An enormous whirring cloud of thousands of bees overhead need not be intimidating. It is not a scene from a horror movie where they are looking for a victim to attack. What appears to be frenzied and chaotic, is really just an airborne mass of honey bees in search of a new home. In fact, when you see it, it is a sign that all is well in the world of nature.
May and June is the typical time period for what beekeepers call "swarming season." It happens every year when a strong and healthy hive gets crowded and the bees need more space. The old queen and approximately one half of the worker honey bees leave the old hive to find a new home. The bees load themselves up with honey for the flight and eventually settle in a large clump or cluster. This is most often on a tree branch, but can also be on something like a fence post.
From as little as two hours to two days, the cluster remains intact while "scout" bees search for a suitable home. When one is found, the message is communicated and once again the bees break into the swarming cloud and make their way to this new home.
Photo by Ben Whitney
May through July is the typical time for bees to swarm.
Without human interference or a direct threat such as doing something reckless and poking them, the bees are relatively docile because they have no hive to protect, which normally is full of brood and honey. Just leave them alone and let nature take its course. Certainly never kill them, for they are getting ready to build new comb and do what they do best make honey and pollinate plants that grow food.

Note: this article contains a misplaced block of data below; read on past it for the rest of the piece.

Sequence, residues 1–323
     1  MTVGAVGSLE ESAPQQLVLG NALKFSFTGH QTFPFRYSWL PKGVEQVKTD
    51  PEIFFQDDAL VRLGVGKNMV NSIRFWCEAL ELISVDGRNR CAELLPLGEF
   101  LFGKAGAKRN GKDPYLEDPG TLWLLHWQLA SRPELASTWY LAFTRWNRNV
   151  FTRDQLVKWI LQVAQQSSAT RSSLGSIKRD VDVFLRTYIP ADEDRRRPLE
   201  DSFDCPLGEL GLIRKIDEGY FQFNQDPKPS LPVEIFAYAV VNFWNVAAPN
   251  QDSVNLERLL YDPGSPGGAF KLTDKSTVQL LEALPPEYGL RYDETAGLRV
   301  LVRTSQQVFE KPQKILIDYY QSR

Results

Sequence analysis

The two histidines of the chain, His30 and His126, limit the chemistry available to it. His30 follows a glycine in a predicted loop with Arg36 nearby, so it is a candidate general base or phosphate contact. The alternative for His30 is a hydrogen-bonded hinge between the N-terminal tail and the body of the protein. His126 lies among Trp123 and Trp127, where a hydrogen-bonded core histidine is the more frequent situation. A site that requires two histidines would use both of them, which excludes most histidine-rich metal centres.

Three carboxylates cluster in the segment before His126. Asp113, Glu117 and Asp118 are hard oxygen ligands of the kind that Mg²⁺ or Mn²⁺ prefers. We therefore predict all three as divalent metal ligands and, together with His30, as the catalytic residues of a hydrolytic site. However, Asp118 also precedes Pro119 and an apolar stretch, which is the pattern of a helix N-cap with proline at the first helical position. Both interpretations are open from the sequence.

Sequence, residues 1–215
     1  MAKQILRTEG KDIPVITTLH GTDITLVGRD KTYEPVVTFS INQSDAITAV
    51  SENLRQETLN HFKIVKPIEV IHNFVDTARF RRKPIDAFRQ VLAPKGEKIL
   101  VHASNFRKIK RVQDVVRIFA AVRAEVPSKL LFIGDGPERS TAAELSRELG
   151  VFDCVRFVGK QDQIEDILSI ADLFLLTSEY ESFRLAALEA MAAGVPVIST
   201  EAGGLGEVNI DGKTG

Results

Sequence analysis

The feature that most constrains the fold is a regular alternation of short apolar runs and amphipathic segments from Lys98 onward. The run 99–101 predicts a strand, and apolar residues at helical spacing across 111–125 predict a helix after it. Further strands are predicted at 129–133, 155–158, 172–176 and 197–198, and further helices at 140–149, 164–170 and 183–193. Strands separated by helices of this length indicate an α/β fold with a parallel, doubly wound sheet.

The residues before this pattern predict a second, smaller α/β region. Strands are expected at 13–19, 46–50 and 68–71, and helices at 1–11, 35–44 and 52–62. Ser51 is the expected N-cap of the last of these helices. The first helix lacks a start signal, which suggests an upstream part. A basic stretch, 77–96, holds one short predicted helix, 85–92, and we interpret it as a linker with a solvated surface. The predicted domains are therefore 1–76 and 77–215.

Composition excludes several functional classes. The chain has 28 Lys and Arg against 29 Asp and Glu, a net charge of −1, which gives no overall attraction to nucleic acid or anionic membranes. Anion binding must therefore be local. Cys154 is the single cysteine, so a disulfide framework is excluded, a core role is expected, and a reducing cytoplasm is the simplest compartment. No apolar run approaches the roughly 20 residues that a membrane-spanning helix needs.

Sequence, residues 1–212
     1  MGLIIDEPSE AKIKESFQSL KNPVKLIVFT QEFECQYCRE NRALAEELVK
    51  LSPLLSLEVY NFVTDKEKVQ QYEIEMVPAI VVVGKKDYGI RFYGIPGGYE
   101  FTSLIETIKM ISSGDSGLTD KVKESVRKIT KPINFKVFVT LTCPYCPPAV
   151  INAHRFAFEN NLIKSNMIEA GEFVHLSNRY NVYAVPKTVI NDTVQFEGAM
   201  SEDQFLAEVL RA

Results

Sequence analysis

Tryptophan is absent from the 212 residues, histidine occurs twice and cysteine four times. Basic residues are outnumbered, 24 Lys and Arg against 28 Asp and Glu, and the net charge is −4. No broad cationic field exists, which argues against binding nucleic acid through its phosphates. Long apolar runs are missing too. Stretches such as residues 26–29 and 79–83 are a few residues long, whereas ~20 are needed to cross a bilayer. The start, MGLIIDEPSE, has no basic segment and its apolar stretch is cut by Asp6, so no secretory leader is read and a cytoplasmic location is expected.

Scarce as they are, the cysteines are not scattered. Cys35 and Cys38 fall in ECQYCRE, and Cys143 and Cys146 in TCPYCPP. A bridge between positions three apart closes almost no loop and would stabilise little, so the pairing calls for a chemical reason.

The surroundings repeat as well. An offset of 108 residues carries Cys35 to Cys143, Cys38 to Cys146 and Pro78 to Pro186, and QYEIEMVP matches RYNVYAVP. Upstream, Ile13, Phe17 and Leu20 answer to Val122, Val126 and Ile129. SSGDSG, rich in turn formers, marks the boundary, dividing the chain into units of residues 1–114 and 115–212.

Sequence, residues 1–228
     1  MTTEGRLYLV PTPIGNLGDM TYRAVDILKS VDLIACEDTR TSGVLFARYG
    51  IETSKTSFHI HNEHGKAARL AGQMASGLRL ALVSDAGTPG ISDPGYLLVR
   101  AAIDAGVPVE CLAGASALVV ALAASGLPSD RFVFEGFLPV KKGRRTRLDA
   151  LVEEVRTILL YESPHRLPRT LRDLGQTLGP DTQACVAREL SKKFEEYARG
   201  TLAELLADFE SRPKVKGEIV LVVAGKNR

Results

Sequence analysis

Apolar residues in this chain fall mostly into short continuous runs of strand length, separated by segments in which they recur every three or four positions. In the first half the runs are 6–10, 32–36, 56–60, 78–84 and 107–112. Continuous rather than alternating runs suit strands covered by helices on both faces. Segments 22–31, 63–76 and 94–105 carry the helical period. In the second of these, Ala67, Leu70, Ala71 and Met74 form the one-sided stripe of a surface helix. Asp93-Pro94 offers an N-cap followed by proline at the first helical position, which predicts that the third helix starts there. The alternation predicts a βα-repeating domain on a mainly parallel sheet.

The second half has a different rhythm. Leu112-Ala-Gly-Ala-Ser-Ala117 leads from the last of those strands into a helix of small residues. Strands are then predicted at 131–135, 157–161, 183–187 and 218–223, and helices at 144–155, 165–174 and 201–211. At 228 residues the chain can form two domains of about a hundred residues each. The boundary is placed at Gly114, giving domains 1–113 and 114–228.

Back at the old hive, the female worker bees have created a new queen by feeding a larva more royal jelly than the others so that it becomes a fully developed bee with sexual organs capable of reproducing. When she emerges from her cell, she will sting any others not fully emerged, for there can only be one queen. This virgin queen soon takes flight where she mates in air with several males (drones) from the surrounding area. This allows for diverse genetics and good stock, particularly in our northern climate where bees need to survive through some very cold winters and be able to fight off several common afflictions and diseases. All in all, it is nature's way of reproducing more colonies.
Old or new, each hive buzzes with so much activity that it is no wonder we have the saying "busy as a bee" or making a "bee-line" for something we want. From the very beginning of its life, each bee has its job, with a mature hive containing at least 60,000 bees. There are relatively few drones, whose primary purpose is reserved for mating. When a drone mates, he dies in the process. Those drones that have not mated are ejected from the hive at the onset of winter so that they do not partake of the limited supply of food.